James Vernon

James Vernon

James Barton Vernon did make it to the show – and he made it big. He played first base for the Washington Senators from 1939 to 1948 and 1950 to 1955. He also served stints with the Cleveland Indians, Boston Red Sox, Milwaukee Braves and Pittsburg Pirates. He also served the U.S. armed forces during World War II but still earned a number of Major League records. He also led the American League in fielding percentage four times, and the majors twice.

In August 2008, he was named as one of the ten former players who began their careers before 1943 to be considered by the Veterans Committee for induction into the National Baseball Hall of Fame in 2009.

There is even a sports museum dedicated to him: The Mickey Vernon Sports Museum at the Granite Run Mall in Media, Pennsylvania, honors Vernon’s career and military service – though it appears to be looking for a new home at the moment.

The last man on deck in our little collection is a player for the Chicago White

Do you know this player? Let us know.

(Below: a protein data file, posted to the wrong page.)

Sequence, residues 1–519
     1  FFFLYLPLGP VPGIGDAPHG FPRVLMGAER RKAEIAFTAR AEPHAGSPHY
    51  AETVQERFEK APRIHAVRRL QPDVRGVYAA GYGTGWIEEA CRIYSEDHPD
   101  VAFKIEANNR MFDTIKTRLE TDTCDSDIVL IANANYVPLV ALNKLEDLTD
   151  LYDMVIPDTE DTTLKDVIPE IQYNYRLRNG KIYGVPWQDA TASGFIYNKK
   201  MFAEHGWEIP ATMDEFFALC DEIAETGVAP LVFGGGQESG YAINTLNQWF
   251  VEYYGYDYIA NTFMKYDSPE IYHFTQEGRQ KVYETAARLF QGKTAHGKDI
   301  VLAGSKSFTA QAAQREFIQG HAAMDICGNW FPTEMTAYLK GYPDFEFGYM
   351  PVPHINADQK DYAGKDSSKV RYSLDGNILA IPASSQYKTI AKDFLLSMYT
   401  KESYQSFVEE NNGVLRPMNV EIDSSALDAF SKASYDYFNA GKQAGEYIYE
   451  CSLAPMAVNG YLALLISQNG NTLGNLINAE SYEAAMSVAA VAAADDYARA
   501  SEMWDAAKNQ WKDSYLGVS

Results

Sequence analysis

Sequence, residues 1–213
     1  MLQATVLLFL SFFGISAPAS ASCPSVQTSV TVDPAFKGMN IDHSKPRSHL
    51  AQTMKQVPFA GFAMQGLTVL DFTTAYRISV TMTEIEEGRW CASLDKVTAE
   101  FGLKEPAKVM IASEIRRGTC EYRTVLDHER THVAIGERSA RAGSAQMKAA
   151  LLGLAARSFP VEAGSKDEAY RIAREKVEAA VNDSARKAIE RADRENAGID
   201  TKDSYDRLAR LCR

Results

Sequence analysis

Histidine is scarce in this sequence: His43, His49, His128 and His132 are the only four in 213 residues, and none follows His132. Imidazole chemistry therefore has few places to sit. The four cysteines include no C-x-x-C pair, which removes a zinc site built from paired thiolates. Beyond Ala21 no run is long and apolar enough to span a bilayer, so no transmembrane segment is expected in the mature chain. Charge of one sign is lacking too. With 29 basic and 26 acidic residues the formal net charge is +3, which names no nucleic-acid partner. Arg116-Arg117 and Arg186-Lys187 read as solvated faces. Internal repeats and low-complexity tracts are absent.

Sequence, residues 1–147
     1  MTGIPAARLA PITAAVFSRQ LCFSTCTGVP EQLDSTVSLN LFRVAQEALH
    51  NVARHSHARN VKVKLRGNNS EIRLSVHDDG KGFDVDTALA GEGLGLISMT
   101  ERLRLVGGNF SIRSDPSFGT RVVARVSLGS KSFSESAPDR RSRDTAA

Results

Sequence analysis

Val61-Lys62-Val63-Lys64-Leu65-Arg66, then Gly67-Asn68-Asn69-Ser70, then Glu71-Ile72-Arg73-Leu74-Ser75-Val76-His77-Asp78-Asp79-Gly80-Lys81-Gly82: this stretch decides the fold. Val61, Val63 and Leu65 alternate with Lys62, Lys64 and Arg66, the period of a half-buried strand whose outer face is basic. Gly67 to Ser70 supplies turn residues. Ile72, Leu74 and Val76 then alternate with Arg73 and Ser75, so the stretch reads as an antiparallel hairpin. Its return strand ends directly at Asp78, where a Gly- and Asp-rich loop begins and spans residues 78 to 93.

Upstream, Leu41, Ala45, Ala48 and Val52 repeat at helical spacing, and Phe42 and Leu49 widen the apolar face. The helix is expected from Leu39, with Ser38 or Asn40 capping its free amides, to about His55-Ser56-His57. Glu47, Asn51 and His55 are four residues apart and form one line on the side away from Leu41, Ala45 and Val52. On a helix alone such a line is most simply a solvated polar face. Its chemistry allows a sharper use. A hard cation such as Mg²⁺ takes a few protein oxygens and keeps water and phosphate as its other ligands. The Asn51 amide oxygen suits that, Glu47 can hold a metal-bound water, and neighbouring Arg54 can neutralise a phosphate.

Do you know this player? Let us know.

Sox that we haven’t yet been able to identify. I hoped we had caught a glimpse of Moonlight Graham but the photo is several decades too late and Graham’s single inning of play in right field came with the New York Giants and not the White Sox. Let us know if you know the identity of the mystery player. Maybe he has a fascinating story, too.

[Update: Thanks to a kind eBay shopper, we have learned the identity of this player. He is shortstop Alfonso “Chico” Carrasquel. He was a shortstop for White Sox before the arrival of Luis Aparicio. He was preceded by Luke Appling, so this was a great era for White Sox shortstops.]

Are you looking to sell a sports memorabilia collection? Orion’s Attic is always looking to buy more sports memorabilia. We’re always on the hunt for all kinds of antiques, collectibles, jewelry and more, too. We also provide estate sale services in Maryland, Washington D.C. and Northern Virginia. Contact us today to learn more about how we can help you with your treasures.